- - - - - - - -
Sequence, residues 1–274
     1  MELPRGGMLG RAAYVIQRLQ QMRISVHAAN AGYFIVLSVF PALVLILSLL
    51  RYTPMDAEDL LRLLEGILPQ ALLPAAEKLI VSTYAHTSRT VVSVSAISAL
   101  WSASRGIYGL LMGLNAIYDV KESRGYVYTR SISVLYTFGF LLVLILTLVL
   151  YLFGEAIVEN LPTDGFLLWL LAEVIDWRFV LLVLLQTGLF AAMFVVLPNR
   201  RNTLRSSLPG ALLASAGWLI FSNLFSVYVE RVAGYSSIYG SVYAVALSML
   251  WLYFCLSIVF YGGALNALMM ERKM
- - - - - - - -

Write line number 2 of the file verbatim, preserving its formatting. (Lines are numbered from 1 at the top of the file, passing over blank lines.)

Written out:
     1  MELPRGGMLG RAAYVIQRLQ QMRISVHAAN AGYFIVLSVF PALVLILSLL